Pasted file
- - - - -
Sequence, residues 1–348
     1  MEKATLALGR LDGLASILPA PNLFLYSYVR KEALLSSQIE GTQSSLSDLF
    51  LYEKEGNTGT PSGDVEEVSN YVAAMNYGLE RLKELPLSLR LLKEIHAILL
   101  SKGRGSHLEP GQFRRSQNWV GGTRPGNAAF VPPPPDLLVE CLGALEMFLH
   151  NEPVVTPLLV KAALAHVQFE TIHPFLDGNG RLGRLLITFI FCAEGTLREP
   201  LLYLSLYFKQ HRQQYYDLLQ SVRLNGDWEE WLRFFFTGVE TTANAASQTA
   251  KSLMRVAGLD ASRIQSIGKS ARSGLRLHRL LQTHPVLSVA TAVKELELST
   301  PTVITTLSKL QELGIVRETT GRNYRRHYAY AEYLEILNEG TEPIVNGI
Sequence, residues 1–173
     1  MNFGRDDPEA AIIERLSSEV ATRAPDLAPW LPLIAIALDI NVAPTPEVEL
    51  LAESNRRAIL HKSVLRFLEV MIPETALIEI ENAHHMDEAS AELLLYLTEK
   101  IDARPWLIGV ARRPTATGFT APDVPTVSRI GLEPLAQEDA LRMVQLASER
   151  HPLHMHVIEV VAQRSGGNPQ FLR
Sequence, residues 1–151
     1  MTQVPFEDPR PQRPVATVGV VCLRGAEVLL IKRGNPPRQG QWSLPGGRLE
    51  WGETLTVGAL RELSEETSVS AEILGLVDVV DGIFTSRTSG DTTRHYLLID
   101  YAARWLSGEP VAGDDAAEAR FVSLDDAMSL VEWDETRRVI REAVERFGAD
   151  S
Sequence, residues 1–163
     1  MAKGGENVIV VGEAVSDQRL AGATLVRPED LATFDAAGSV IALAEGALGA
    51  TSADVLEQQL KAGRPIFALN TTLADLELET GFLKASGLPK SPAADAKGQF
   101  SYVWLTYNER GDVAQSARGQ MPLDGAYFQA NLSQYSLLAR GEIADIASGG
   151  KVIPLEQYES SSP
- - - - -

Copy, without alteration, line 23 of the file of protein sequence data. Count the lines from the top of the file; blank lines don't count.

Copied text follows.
   151  KVIPLEQYES SSP